The government will soon put out a request for proposal (RFP) document seeking formal applications from companies to set up semiconductor plants, senior officials said.
The officials said several companies showed interest earlier this year to set up such fabs (fabrication units) and that the government would decide on the quantum of subsidy only after it receives specific proposals.
“We have to take final approvals for issuing the RFP… It should happen soon. How much support can be given to the companies will be decided after we receive the applications and after discussing with stakeholders on their support requirements,” a senior official directly involved in the matter said.
Setting up fabs is expensive and the subsidy is huge, so the government will be “careful” before giving approvals, the official added. “We have to see whether the party is genuine, how much money they will be bringing, etc.”
After the government issued an expression of interest earlier this year, nearly 20 companies are believed to have shown willingness to invest in the sector.
Tata Sons chairman N Chandrasekharan also recently spoke about the salt-to-software conglomerate’s plans to enter the semiconductor space, to reduce dependence on Chinese imports.
A global shortage of chips – which has crippled several industries such as automobiles and electronics – due to the Covid-19 pandemic, has spurred many companies to diversify operations to newer locations.
The Ministry of Electronics and IT (MeitY) has not divulged the quantum of incentive it would provide companies. However, the government is believed to set aside $1 billion for a fab, which requires a total investment commitment of $2 billion-$5 billion or more.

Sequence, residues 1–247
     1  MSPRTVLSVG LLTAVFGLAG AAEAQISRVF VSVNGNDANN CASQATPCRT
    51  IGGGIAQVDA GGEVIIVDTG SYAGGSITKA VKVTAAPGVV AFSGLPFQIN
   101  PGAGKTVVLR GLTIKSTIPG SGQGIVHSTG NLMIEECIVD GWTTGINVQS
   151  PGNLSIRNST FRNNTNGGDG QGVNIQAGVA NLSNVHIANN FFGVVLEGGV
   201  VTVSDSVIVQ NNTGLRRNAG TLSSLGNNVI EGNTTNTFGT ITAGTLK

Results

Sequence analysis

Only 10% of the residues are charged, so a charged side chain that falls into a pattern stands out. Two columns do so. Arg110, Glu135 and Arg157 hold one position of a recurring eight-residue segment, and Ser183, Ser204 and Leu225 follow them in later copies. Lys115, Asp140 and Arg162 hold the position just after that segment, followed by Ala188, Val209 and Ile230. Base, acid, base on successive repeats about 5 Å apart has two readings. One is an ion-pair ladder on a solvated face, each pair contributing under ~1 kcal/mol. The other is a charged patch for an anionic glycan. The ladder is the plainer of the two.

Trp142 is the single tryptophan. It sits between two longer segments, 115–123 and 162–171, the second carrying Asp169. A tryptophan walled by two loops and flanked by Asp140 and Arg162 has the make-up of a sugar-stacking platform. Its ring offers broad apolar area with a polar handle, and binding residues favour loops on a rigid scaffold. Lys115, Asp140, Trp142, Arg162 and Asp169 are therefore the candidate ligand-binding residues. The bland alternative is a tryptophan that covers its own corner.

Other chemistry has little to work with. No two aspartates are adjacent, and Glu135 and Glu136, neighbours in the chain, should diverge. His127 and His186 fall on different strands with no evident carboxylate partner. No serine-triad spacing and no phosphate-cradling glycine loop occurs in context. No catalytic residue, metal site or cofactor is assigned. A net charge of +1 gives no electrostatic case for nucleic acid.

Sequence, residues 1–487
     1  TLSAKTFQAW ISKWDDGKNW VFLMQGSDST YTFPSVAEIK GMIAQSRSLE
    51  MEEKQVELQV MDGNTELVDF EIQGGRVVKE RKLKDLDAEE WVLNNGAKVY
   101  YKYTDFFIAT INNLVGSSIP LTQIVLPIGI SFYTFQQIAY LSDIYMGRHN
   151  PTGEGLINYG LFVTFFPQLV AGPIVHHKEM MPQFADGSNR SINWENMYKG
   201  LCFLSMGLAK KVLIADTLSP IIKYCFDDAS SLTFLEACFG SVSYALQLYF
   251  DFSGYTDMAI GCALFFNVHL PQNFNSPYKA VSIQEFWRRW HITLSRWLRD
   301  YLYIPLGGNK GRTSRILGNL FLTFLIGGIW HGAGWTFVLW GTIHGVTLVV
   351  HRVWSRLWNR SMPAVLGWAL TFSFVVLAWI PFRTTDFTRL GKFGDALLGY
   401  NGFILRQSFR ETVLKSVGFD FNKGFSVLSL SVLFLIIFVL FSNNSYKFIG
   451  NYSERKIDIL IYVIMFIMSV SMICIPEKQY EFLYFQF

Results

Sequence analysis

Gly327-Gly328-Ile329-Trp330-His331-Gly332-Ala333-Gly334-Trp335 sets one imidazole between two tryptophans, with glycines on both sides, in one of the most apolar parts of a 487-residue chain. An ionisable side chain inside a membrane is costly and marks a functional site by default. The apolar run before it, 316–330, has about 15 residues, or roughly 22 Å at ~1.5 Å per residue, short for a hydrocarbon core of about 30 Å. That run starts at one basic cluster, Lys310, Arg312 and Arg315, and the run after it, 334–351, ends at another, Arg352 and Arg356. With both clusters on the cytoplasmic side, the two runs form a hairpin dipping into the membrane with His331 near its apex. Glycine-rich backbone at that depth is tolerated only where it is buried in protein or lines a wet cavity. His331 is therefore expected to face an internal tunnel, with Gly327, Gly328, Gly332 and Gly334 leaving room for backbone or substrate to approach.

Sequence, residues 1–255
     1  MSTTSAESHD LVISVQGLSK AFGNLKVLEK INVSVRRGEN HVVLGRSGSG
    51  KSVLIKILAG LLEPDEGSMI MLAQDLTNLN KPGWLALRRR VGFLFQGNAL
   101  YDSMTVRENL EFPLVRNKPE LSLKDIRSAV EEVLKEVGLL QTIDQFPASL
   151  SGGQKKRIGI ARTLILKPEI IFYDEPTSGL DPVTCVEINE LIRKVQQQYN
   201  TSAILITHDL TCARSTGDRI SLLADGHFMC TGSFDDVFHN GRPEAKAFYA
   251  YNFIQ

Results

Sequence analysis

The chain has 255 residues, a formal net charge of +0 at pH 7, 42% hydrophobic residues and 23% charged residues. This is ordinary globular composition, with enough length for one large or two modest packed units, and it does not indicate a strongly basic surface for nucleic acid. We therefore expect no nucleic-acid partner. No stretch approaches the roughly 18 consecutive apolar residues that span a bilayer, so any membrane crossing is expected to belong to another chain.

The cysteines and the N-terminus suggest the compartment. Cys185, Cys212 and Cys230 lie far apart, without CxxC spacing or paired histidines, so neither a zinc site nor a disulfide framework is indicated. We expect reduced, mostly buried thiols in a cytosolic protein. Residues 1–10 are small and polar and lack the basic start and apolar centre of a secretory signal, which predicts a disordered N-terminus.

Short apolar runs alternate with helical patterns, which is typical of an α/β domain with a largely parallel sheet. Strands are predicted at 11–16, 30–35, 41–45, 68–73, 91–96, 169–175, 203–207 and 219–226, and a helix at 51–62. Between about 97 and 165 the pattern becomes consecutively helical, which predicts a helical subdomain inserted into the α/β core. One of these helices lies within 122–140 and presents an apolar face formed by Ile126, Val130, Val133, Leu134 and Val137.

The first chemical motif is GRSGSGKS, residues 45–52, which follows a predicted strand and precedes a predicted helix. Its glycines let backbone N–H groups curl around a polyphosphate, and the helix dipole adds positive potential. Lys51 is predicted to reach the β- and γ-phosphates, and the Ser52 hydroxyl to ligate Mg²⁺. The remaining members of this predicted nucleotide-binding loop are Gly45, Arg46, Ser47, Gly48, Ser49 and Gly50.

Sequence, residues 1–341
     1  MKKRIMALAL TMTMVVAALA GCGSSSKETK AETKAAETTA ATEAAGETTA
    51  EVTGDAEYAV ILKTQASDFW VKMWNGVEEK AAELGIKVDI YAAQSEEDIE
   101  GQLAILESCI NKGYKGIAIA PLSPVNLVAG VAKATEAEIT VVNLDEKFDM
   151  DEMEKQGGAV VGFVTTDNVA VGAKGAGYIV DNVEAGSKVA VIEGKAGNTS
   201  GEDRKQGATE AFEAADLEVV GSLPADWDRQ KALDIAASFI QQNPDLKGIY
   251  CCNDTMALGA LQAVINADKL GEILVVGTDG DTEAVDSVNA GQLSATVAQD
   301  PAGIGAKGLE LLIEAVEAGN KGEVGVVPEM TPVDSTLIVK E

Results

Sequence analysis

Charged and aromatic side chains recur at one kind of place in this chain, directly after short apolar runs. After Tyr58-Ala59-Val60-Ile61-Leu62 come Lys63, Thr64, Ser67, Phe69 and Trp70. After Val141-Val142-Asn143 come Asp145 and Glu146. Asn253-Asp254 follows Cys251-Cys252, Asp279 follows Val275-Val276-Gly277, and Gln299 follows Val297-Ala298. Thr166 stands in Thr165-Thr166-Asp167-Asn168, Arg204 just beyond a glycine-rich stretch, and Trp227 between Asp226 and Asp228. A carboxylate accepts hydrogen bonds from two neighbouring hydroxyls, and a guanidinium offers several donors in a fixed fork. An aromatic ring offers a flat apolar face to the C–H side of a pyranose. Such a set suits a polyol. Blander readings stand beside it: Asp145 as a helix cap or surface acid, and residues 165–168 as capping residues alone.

The government official said 5G, data centres and semiconductors were the next areas of focus for the government, which has been successful in attracting companies to set up mobile phone manufacturing plants through incentive schemes over the past few years.
The government is open to setting up both traditional fabs as well as new-age ones like the Gallium Nitride semiconductor fabs, which are relatively cheaper to build.
“We are open to both domains, both can come at the same time, depends on the interest that we get from the players,” the official said, adding that all top fab makers have shown a willingness to participate.
Last time round, the government had offered a capital expenditure subsidy of up to 40% to set up fabs, but none of the approved proposals took off.
The industry is therefore expecting a better deal this time, said Arun Mampazhy, an expert on semiconductor fab technology.
“India has been too slow in finalising the policy. Any further delay from India’s side may lead to losing one of the few interested foundries also. Big shots like TSMC or Samsung or Intel are likely to prefer already proven countries and so it is important for India not to lose offers it already has,” he added.